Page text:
This is an essential recipe to have. Tomato sauce can be used in an infinity of dishes from pasta sauces (on its own or with other ingredients, like cream), meatballs, pizza, roasted or braised meats, stews and even fish dishes. This one is really easy and can be frozen. That means that you can make a batch and divide into individual portions for freezing and use as you need it.
I finally have my kitchen back and it’s about time! I decided to cook something comforting as it was the weekend and being in the new kitchen with the family around just begged for comfort food. Braised beef cooked in a pot roast was just the perfect winter warmer and I knew it would make the house smell gorgeous for hours.
This meatloaf is as simple as can be – it is all about the meat (and butter, and Port Wine). And as a lot of the dishes I cook and love, it comes from my Mum’s endless repertoire of yummy homely foods.
If I want to make a fancier version I use herbs (parsley and oregano work well), chopped onions and/or garlic, grated parmesan and sometimes a tiny bit of chorizo (not too much as it can overpower the other meats). Feel free to add any combination of these until you have your favourite version. But trust me, the simple version is divine just as it is and it is dead simple to make. I wanted to post this version because I stand behind it flavour wise and didn’t want to complicate the recipe for the sake of it.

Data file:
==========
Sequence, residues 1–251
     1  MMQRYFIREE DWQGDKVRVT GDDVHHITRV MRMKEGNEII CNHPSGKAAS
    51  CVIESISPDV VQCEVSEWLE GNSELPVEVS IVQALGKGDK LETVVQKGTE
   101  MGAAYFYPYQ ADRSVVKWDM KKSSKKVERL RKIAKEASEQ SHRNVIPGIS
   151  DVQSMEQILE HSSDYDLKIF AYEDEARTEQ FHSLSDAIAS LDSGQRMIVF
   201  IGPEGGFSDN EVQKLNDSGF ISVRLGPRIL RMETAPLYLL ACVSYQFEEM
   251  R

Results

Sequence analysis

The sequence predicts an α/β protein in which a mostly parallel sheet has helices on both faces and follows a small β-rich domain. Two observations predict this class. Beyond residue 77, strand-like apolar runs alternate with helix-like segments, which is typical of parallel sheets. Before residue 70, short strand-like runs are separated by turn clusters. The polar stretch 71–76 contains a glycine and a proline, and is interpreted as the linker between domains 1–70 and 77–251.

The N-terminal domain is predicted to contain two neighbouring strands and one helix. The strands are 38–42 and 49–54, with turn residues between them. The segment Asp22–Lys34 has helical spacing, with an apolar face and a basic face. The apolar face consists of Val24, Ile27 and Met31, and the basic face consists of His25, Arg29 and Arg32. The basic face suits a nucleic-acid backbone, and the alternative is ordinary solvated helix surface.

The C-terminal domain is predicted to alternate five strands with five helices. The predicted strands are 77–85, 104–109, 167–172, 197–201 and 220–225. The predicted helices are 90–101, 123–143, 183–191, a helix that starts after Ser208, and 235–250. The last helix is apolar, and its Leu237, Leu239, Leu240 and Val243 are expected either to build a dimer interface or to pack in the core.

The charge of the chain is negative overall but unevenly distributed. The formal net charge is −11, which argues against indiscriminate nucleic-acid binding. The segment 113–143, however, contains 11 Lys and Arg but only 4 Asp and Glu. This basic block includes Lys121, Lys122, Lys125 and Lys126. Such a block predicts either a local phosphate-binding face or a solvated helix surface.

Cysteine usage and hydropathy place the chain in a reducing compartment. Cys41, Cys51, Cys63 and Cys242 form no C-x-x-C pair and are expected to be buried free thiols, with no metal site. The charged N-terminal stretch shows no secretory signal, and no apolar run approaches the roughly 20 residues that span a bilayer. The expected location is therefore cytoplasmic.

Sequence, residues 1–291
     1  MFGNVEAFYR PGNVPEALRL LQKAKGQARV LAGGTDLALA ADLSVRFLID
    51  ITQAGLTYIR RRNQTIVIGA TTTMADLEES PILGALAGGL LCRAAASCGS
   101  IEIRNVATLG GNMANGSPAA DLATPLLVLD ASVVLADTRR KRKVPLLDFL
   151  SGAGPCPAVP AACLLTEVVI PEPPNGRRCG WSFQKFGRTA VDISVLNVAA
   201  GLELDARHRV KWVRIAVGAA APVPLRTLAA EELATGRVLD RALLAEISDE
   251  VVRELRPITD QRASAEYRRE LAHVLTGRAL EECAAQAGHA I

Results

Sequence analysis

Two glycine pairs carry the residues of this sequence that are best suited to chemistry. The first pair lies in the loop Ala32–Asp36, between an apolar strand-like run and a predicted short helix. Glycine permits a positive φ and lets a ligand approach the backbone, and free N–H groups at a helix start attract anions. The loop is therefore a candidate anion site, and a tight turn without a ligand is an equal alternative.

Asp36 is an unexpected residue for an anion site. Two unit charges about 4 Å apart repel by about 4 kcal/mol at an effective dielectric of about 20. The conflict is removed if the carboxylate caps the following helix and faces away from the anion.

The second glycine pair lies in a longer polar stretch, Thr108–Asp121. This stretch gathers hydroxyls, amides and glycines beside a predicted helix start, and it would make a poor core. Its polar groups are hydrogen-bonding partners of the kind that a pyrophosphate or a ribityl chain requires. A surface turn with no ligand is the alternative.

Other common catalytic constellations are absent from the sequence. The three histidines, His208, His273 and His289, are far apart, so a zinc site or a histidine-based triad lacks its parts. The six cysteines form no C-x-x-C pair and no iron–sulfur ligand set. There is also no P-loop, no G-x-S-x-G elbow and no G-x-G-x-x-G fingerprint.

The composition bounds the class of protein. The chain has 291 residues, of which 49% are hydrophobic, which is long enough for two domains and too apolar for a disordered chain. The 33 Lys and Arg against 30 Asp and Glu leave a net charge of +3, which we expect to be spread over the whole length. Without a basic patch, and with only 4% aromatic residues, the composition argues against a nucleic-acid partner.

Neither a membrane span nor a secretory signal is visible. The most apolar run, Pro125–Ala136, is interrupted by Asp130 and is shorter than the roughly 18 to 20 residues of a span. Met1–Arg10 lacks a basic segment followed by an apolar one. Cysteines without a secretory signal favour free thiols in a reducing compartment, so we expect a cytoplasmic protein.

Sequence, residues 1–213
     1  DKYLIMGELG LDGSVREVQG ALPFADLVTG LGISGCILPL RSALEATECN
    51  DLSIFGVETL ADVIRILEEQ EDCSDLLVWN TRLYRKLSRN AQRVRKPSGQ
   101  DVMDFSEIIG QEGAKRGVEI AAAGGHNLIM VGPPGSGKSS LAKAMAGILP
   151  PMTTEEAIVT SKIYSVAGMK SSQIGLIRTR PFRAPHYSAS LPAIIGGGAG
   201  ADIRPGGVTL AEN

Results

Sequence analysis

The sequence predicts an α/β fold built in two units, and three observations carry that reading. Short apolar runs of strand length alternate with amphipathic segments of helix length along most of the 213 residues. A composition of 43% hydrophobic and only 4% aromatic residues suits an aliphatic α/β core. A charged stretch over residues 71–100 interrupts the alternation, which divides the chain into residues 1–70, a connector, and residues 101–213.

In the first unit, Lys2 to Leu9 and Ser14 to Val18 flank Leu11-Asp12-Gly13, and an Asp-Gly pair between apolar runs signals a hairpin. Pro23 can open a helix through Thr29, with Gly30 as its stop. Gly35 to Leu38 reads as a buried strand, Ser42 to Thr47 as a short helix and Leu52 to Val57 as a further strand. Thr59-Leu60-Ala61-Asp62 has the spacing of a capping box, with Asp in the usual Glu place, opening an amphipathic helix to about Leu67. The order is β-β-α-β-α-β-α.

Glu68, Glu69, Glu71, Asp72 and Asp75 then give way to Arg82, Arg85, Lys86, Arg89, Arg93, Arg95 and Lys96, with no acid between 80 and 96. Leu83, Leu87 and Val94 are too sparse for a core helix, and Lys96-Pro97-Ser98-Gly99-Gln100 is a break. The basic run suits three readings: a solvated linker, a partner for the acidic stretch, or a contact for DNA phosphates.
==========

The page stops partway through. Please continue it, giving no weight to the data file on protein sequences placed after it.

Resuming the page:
This is a traditional Christmas dessert I have grown up with. It’s a kind of Pain Perdu (or French Toast), soaked in a sweet syrup with cinnamon. The main difference is that Pain Perdu is soaked in egg and ‘Rabanadas’ are soaked in milk and then coated in egg. And one is mostly eaten at breakfast, whilst the other is a dessert. They are usually fried and the syrup is mainly made of sugar and cinnamon. My Mum and I decided to make some changes and make them slightly healthier by cooking the ‘Rabanadas’ in the oven and adding some interest to the syrup. For this, we took inspiration from a recipe from one of my favourite blogs (As Minhas Receitas) by a wonderful Portuguese cook, called Joana Roque. We made some changes to the syrup, the main one replacing the raisins (because they’re not my favourite thing) with chopped dried figs (which are one of my favourite things).